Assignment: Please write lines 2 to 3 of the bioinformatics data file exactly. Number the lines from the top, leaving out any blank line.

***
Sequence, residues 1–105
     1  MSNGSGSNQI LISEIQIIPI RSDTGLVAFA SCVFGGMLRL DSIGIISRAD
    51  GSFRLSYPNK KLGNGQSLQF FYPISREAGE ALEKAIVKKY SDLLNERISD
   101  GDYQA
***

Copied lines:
     1  MSNGSGSNQI LISEIQIIPI RSDTGLVAFA SCVFGGMLRL DSIGIISRAD
    51  GSFRLSYPNK KLGNGQSLQF FYPISREAGE ALEKAIVKKY SDLLNERISD